There is a third, bonus disc available with the package proper that distinguishes itself by the inclusion of instrumental interludes titled "jams." The first is located in the middle of seven performances take from the same autumn tour and works as a smooth segue. Its counterpart near the end of the CD finds the Dead teasing "Gloria" for some time without ever crystallizing the theme. Consequently, the individual listener may want to impose his own circular logic by reprogramming the sequence of tracks: to begin in the middle enacts a fluid progression centered on "China Cat Sunflower."

Perhaps a logical step for this series next time out might be to focus on that period in which Bruce Hornsby stepped in to substitute on keyboards for a protracted period after Brent Mydland's death in 1990. The beauty of Road Trips, however, is similar to that of the best Grateful Dead improvisations such as those on Vol. 1, No. 1 during "Playing In The Band" and "Not Fade Away:" you never know where the band is going to go.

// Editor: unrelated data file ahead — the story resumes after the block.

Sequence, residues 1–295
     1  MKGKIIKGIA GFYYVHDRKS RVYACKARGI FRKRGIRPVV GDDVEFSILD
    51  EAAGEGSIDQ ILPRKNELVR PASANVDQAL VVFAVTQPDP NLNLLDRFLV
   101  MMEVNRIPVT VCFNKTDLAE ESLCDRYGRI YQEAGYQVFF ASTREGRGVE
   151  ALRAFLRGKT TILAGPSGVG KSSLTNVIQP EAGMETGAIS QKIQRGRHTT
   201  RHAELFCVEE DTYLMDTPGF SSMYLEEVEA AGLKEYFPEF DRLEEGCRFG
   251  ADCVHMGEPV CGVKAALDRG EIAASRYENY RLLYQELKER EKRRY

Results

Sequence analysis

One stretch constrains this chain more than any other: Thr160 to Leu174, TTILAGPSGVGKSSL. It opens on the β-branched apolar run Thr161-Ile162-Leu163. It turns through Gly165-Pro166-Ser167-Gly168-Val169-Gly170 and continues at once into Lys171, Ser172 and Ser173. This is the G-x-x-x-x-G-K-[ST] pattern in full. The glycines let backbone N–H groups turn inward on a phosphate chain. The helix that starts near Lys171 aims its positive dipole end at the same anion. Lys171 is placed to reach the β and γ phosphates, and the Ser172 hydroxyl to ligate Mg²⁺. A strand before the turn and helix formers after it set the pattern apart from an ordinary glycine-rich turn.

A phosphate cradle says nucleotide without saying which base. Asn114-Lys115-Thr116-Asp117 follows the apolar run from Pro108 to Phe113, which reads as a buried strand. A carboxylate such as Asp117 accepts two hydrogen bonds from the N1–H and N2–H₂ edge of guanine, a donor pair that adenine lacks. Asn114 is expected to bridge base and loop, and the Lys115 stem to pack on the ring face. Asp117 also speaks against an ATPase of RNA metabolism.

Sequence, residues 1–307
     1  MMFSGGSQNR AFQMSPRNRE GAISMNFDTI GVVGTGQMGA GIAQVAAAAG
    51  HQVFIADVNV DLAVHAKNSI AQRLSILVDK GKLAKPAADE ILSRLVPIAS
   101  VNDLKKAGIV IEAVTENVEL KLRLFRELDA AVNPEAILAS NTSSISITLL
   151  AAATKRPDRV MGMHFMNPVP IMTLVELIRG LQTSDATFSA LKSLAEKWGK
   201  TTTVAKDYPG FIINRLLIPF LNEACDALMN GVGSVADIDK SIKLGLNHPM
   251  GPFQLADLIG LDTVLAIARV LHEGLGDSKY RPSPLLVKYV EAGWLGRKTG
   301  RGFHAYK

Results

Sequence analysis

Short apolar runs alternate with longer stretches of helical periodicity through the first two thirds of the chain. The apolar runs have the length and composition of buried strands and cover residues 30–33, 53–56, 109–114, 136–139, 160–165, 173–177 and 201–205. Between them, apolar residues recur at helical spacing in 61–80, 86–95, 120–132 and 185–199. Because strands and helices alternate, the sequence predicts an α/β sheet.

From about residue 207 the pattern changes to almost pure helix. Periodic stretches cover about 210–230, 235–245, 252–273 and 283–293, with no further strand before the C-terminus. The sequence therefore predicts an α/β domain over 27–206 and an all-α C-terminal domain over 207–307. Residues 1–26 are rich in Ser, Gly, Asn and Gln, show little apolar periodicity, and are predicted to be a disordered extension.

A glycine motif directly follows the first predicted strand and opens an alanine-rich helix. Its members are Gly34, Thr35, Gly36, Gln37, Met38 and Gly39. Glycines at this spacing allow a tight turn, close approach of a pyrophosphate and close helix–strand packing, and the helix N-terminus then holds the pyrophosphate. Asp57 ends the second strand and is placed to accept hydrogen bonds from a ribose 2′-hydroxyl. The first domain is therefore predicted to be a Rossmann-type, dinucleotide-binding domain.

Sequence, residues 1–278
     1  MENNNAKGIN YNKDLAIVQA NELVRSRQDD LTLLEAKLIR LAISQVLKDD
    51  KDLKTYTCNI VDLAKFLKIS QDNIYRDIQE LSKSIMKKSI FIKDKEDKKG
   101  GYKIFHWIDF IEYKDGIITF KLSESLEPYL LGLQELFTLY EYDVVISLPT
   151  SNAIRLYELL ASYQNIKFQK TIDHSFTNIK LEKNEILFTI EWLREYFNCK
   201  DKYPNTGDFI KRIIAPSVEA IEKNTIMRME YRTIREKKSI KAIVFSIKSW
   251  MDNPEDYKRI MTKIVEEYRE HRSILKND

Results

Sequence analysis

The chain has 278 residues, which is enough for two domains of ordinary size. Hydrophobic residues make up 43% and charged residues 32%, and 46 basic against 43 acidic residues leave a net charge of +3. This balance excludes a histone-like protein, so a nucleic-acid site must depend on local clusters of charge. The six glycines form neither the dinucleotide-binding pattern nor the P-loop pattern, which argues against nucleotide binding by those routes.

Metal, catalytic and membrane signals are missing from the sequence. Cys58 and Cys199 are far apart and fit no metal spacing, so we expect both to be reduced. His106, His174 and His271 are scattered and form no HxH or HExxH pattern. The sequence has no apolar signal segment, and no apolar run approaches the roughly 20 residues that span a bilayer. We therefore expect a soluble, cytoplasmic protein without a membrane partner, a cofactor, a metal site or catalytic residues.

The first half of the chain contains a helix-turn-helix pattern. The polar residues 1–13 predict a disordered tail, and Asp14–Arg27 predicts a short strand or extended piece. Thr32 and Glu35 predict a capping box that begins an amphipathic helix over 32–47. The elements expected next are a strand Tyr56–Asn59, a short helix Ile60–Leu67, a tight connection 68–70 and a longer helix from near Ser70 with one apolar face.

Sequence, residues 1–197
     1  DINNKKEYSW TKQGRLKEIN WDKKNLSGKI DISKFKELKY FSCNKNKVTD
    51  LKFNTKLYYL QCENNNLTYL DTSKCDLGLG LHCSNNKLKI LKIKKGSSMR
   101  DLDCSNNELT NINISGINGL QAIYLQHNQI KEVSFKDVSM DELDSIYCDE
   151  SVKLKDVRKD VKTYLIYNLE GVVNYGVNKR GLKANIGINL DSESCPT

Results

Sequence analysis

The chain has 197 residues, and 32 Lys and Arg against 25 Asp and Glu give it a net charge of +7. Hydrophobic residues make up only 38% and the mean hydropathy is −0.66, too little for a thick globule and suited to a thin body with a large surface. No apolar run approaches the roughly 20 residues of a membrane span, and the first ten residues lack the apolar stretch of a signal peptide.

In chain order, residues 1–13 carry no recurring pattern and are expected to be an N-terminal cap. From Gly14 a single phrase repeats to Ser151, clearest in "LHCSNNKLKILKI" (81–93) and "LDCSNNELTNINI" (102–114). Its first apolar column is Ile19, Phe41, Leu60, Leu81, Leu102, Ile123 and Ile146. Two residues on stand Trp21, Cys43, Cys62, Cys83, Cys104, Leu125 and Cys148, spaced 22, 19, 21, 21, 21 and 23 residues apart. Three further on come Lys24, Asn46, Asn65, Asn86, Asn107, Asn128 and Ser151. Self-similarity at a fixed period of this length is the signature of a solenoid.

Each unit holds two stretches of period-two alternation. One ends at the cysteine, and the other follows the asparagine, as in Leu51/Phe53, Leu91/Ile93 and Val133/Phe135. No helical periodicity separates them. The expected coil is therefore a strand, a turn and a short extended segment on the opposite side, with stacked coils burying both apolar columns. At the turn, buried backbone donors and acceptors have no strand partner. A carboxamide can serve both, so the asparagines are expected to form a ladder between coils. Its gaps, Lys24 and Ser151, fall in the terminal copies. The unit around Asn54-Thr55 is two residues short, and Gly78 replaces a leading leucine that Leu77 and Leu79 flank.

Tracks: CD1: Alabama Getaway; Promised Land; Jack Straw; Deal; Dancing In The Street; Franklin's Tower; Wharf Rat; I Need A Miracle; Bertha; Good Lovin'. CD2: Shakedown Street; Passenger; Terrapin Station; Playing In The Band; Not Fade Away; Morning Dew. Bonus Disc: China Cat Sunflower; I Know You Rider; Lost Sailor; Saint Of Circumstance; Jam; Althea; Estimated Prophet; He's Gone; Jam.

Personnel: Jerry Garcia: guitar and vocals; Mickey Hart: drums, percussion; Bill Kreutzmann: drums, percussion; Phil Lesh: bass, vocals; Brent Mydland: keyboards, vocals; Bob Weir: guitar and vocals.

Year Released: 2008 | Record Label: Grateful Dead/Rhino | Style: Jam Band


More Articles

Read Alex Cline's Flower Garland Orchestra: Oceans of Vows Extended Analysis Alex Cline's Flower Garland Orchestra: Oceans of Vows
by John Kelman
Published: March 23, 2017
Read Wingfield Reuter Stavi Sirkis: The Stone House Extended Analysis Wingfield Reuter Stavi Sirkis: The Stone House
by John Kelman
Published: March 4, 2017